by Dan Rafter
Succeeding in the competitive construction business is no easy task. But Rolling Meadows, Ill.-based Bear Construction Company has not only succeeded, it’s thrived. The company is now celebrating its 30th year in business. Today, Bear Construction has 205 full-time employees. The company earned $132 million in revenue in 2013, revenue that has grown by 140 percent since 2009. Midwest Real Estate News spoke with Scott Kurinsky, executive vice president in the Chicago office of Bear Construction, about his company’s success and the reasons behind it.
Midwest Real Estate News: This is the obvious question, but what is behind the long success of Bear Construction?
Scott Kurinsky: One of the things is that we started as a family owned company. We remain that today. We’re a $130 million-dollar family company, but we’re still a family company. The three original owners are still involved in everyday operations. They haven’t jetted off to Hawaii. They are still active in the company. And we have always stressed service over profit, getting the job done right at all expense. Today, 90 percent of our business is made up of repeat customers. These customers use us again and again.
MREN: How important is it that the owners are still active with the company?
Kurinsky: As we hire more people, the owners still maintain that closeness. Anyone can walk into any of their offices and talk to them any time of day. That is rare. There aren’t many companies where you can walk into the president of the company’s office and talk about any subject that you want to talk about. That’s what makes us different than a lot of companies out there. Many of the people who work for us have been here for a decade or more. The owners know their families and histories.
MREN: Bear has done a lot of work recently in downtown Chicago’s office space. What changes have you seen in the office market during your time at the company?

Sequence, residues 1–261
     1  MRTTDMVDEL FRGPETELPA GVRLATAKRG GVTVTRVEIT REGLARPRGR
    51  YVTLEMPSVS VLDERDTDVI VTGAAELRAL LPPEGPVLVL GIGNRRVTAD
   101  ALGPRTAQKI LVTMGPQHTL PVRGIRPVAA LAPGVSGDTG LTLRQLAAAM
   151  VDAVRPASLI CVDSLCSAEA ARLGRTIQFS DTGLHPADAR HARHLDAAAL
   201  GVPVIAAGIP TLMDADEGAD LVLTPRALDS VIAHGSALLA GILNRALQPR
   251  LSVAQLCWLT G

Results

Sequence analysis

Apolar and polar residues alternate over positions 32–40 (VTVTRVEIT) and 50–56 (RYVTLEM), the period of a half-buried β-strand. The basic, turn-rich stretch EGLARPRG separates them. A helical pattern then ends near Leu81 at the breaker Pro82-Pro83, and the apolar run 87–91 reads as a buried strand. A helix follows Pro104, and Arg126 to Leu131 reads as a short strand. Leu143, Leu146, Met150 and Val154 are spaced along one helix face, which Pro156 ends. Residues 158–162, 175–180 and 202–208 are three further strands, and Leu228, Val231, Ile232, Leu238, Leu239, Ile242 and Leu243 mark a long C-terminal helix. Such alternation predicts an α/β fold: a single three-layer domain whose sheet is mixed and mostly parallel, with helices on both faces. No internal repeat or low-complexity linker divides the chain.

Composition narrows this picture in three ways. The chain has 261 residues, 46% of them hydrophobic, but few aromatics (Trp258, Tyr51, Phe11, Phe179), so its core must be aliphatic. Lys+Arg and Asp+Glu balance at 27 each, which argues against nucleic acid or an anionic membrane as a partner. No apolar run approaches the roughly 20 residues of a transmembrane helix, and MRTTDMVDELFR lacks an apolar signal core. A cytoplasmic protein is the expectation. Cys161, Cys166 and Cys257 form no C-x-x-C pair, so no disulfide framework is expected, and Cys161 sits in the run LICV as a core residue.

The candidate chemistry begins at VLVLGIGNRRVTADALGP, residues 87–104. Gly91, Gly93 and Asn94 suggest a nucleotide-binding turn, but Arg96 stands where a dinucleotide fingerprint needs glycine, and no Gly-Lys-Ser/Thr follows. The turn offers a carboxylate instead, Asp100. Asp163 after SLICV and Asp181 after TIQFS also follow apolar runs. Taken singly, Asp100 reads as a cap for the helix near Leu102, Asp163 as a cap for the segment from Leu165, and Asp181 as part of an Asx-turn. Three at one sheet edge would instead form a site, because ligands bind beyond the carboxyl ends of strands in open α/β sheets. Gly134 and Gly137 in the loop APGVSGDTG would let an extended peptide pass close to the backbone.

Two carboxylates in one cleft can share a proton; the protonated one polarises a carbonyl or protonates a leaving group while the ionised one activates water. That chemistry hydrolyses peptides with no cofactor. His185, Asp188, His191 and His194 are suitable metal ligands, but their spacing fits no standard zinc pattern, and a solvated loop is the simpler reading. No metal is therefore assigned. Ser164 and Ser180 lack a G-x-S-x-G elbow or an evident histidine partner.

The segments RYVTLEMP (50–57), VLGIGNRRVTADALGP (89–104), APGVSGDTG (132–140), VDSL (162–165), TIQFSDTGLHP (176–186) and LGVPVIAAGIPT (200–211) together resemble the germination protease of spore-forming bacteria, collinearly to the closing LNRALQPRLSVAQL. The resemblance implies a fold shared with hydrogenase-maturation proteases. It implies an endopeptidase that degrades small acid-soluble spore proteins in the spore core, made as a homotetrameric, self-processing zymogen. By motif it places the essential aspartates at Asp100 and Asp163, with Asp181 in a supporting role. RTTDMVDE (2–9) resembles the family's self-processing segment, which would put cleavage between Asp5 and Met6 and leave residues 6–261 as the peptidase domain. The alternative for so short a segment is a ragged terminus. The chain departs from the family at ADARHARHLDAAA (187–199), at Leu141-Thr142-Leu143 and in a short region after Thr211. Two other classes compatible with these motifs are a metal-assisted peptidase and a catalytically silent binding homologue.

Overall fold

Kurinsky: The open-concept office is becoming a popular trend in the city. More companies want that open layout for their offices. Many are shying away from the traditional cubicle office environment. More are including fewer closed-in offices. It’s a great concept for many businesses. We are finding, though, that it is not a concept for all businesses. Some businesses still need privacy for security reasons, confidentiality reasons. The open concept works great for tech companies that rely on a lot of idea-sharing. Some, though, still need the traditional type of office. There is room for both types of office space in the market.
MREN: During your time in the construction business, you’ve also seen plenty of changes thanks to new technology. How has tech changed the way Bear Construction operates?
Kurinsky: The timing of jobs has been compacted by about 25 percent to 30 percent in the time I’ve been in the business, about 25 years. This has all been driven by new technology. It used to take days and weeks to produce drawings and documents. Now it takes hours and days instead. Everything moves much faster. Changes are made much faster to design drawings. A process that once took two to three weeks now generally takes a week. Build-out was traditionally done on a 12-week schedule, now it is often completed in eight to 10 weeks. Tech has compacted the time it takes us to complete projects.
MREN: Has that been a good thing for the business?
Kurinsky: It has been mostly good. There is more pressure on us. But we have adapted and we have grown. The other thing with technology, we are now able to do so much more electronically that we once had to do on paper. For instance, blueprints. We can now show clients the phases, the different work we are doing in different areas. Now our clients can see the work in a 3D rendering that we can produce on the computer. We can create this life-like rendering of what a project space will look like. Technology has tremendously changed the information that we can give to our clients and the quality of the information that we can provide.
MREN: This has certainly changed the way that you work, too, right?
Kurinsky: In construction, everything has become a real-time process. If you take a day off, you are expected to be connected to your e-mail. Everything comes in so quickly. There is never a day to waste. If you are out for the day, you have to be checking your e-mail, you have to be in contact with the team back in the office. That time cushion that was once there is no longer there. Work today is almost around the clock, seven days a week. It’s certainly not a 9-to-5 experience any longer.